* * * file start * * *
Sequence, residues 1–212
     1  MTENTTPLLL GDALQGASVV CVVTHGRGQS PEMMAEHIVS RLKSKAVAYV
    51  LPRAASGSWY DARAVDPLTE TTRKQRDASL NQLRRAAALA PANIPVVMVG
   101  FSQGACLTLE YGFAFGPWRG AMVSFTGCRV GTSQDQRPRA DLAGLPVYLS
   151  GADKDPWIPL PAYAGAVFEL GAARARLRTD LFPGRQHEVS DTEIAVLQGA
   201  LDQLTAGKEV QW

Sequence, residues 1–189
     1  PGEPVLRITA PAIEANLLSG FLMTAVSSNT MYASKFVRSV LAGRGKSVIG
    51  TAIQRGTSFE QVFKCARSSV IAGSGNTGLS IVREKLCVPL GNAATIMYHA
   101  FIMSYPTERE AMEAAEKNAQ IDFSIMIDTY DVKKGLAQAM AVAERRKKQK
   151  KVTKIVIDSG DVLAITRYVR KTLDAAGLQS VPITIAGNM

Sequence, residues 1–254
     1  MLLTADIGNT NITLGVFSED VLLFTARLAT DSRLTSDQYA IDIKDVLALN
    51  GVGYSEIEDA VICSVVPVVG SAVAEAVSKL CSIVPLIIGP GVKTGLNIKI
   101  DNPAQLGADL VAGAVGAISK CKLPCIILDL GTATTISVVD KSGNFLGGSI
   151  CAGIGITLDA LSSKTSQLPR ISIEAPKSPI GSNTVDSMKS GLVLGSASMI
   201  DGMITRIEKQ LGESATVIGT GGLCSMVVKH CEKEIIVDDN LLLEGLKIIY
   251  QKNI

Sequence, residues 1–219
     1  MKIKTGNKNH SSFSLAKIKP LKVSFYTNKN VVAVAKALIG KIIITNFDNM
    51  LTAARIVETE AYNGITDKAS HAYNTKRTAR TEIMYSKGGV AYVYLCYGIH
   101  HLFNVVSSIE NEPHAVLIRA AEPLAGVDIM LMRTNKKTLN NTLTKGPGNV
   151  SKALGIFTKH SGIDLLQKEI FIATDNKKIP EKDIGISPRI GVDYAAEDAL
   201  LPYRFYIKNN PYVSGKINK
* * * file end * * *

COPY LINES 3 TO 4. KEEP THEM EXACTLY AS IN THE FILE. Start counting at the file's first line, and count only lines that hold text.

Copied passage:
    51  LPRAASGSWY DARAVDPLTE TTRKQRDASL NQLRRAAALA PANIPVVMVG
   101  FSQGACLTLE YGFAFGPWRG AMVSFTGCRV GTSQDQRPRA DLAGLPVYLS